When parents of young chldren draw wills, a chief concern is who will bring those children up, if the parents die. The most obvious choices may, on reflecton, be the wrong ones.
And even when a guardian is chosen, a legal hiatus may arise during which time there is no formally able to make decisions about the childrens care and welfare.
First, the matter of choosing a guardian: Young parents tend to think first of their own mothers and fathers or the children's grandparents. But deep in their hearts, many grandparents would not be overjoyed to start the child-rearing cycle all over again. Also, by naming older guardians, you're setting your children up to lose a second set of parents.
Brothers or sisters come next to mind, if they're old enough to be responsible for children. In many families, this works well. On the other hand, you may thoroughly disapprove of the way your brothers and sisters raise their own children.
There's no real need to put the blood tie first in selecting a guardian for your children. Their future may be better served by seeing that they stay in their old neighborhood, perhaps in their own home, under the care of people they know well and who share you attitudes toward child-rearing.
This may mean asking a close friend to act as guardian. Talk the matter over with the friend, to be sure that he or she is not taking on the job reluctantly. Also, tell the prospective guardian roughly what provisions would be made for the children's support.
As your children grow older, they'll have their own ideas about where they'd like to live if anything happens to you. Sometimes, an older child becomes an ideal guardian for a younger brother or sister.
In the case of separation or divorce, the noncustodial parent becomes the guardian if the custodial parent dies. You usually can't do anything about this by naming a different guardian in your will. But sometimes, the noncustodial parent is just as glad to leave the child where he is -- perhaps with a step-parent or other relative. Naming a guardian at least indicates you wishes.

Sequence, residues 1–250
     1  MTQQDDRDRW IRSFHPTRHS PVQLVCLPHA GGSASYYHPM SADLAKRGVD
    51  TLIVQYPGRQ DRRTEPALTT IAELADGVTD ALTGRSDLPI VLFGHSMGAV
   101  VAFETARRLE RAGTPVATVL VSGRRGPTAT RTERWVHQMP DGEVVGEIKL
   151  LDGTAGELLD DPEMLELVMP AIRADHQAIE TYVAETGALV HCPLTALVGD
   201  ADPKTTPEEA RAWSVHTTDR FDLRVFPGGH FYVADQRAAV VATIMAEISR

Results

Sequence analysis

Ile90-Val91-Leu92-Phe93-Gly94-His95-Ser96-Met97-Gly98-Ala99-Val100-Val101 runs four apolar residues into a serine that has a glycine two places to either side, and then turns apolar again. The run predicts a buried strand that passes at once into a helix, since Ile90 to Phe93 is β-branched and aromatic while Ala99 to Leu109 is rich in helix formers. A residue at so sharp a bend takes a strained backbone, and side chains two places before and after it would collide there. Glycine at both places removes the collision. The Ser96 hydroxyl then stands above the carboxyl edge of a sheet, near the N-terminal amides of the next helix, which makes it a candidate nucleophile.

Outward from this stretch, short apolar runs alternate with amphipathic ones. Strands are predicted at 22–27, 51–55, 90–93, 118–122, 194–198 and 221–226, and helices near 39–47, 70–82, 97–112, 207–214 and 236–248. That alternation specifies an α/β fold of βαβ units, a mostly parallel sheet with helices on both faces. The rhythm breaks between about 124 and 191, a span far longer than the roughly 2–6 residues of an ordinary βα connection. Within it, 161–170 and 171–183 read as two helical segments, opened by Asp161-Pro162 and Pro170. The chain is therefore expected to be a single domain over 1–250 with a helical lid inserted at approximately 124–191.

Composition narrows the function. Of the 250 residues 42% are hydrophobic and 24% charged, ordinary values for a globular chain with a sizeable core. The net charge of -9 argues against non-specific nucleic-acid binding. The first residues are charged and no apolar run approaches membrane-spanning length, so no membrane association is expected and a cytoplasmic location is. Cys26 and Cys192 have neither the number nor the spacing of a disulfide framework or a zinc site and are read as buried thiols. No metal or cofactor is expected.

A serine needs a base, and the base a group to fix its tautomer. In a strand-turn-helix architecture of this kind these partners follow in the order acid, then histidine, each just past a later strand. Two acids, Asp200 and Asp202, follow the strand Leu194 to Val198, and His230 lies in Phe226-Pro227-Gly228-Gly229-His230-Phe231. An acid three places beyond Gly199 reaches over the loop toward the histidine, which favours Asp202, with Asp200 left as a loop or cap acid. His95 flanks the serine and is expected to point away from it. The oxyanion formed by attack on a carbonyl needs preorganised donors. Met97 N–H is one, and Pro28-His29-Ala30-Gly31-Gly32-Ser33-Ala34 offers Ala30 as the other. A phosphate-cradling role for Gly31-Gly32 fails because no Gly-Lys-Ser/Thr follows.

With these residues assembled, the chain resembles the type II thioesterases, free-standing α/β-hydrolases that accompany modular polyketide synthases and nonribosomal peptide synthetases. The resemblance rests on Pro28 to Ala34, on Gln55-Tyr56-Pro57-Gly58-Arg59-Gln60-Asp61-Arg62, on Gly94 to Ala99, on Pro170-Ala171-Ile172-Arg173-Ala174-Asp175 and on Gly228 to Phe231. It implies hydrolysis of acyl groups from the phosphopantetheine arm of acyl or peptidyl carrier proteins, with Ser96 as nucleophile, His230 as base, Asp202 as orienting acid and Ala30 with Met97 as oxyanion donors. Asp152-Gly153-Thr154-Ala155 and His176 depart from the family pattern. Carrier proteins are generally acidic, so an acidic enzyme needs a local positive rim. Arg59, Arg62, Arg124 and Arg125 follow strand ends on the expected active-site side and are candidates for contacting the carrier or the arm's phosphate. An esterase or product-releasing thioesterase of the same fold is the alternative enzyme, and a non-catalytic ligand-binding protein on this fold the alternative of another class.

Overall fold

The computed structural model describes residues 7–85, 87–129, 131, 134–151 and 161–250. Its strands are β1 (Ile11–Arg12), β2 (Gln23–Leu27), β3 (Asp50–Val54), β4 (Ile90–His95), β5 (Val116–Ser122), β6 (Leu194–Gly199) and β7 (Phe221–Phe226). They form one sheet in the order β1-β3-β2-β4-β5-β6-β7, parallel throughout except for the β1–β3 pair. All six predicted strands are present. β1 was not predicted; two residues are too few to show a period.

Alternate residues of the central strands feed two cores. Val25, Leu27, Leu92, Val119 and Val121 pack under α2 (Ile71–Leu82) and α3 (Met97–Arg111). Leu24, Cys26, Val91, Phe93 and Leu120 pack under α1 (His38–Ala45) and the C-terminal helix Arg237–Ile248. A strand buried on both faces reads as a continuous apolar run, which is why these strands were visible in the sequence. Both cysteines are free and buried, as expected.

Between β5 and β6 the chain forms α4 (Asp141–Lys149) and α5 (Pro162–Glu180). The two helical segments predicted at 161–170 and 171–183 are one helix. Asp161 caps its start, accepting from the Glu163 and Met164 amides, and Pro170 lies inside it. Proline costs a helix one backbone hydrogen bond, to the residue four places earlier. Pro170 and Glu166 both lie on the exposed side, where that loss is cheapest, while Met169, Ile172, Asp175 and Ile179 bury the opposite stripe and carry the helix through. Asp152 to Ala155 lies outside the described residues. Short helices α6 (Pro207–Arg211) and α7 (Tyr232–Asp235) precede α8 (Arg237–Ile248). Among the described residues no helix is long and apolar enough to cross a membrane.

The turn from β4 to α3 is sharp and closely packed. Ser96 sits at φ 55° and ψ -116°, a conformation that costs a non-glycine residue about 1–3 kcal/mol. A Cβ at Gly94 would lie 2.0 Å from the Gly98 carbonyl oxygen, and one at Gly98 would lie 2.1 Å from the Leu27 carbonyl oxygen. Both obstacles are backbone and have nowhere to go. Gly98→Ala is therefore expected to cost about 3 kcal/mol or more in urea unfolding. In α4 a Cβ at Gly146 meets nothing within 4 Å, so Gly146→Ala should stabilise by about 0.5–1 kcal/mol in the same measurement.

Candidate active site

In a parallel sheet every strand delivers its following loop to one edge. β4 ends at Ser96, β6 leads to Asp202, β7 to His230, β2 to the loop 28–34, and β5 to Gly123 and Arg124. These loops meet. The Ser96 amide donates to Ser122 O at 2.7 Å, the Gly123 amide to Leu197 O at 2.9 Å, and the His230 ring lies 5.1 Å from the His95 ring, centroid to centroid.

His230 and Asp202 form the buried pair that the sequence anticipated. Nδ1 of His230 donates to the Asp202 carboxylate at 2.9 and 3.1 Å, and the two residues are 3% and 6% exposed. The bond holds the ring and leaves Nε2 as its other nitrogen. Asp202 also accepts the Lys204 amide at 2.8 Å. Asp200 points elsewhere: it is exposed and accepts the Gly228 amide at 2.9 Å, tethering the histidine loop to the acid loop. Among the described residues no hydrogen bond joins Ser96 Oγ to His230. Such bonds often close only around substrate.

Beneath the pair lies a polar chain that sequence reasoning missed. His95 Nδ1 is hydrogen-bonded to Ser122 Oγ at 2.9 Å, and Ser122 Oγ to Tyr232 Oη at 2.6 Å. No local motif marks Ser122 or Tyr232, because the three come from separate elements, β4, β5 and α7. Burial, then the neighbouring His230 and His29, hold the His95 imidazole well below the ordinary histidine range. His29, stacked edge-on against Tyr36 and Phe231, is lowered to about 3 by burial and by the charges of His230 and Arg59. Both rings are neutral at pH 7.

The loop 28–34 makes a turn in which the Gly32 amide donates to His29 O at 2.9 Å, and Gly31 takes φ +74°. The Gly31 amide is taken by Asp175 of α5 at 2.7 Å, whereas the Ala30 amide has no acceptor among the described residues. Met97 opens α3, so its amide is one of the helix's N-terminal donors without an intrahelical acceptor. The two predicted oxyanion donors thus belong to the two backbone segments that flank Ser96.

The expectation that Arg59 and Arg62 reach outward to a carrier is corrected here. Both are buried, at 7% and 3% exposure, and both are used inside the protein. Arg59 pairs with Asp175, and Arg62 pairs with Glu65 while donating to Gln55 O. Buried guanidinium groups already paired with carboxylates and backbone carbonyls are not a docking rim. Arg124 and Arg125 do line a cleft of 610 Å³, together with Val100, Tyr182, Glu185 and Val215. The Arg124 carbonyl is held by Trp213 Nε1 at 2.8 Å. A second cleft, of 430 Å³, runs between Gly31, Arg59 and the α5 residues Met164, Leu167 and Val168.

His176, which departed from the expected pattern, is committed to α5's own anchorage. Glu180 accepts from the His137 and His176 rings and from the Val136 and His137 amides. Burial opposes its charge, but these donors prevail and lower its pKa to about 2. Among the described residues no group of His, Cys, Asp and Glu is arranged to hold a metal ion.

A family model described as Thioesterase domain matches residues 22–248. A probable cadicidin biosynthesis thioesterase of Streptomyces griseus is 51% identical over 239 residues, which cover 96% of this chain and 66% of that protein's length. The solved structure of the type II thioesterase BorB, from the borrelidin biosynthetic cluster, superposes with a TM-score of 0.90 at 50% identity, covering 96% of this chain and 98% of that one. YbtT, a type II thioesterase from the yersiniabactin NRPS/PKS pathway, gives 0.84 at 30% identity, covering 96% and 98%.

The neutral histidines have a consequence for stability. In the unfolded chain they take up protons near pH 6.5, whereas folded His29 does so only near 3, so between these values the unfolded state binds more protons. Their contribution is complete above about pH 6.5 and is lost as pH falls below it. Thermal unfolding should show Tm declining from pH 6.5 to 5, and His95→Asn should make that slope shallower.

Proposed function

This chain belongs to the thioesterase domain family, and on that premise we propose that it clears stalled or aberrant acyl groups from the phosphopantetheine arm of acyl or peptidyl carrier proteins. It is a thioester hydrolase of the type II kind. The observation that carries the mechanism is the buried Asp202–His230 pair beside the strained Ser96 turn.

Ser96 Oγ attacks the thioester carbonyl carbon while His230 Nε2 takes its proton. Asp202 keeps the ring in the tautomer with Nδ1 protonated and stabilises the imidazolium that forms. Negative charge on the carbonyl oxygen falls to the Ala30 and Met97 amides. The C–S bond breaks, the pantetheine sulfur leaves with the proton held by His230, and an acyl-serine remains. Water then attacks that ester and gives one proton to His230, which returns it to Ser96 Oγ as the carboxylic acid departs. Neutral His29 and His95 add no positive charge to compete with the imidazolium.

Unfortunately, naming a guardian in your will doesn't always do the job. For example, what happens if no one can find your will? What if your will is invalid (as so many handwritten wills turn out to be)? What if someone in the family challenges the will? During that interim period, no one is formally in charge of the children.
Normally, that won't particularly matter. Someone will take care of the children until the matter is settled. But what if there's an emergency? If one of the children, say, has to have an appendectomy? Many doctors and hospitals are reluctant to act without legal authority, which only a guardian can give. It might be necessary to get court permission for an operation.
And another problem: What if the child's parents dont't die, but instead become seriously disabled by an illness or an accident? Court hearings would be necessary to designate a guardian for the children.
Under the uniform probate code, in effect in many states, parents may name a temporary guardian -- for example, to make decisions about the child's welfare if the parents are ill or out of the country.But this authority lasts only six months at a time.
New York lawyer Edward S. Schlesinger recently dug up a 1757 provision in New York law, which provides for a "deed of guardianship." It seems to fit today's needs so well that the people involved with the uniform probate code are considering recommending it to all states.
A deed of guardianship is separate from a will. Anyone can file the deed at the county courthouse after the parents' death, and the guardian becomes immediately responsible for the children, no matter what wrangles surround the will.
The New York law isn't clear as to whether such a guardian can act in case of a parent's disability, Schlesinger says. That's an important hole that should be plugged if any other state adopts the concept.
The risk to children during a period of legal limbo is something that wouldn't occur to most parents. But that's what lawyers are paid to worry about. "Serious things do sometimes happen," Schlesinger says. The probate laws should close these loopholes, and New York's deed of guardianship may be the model that other states should use.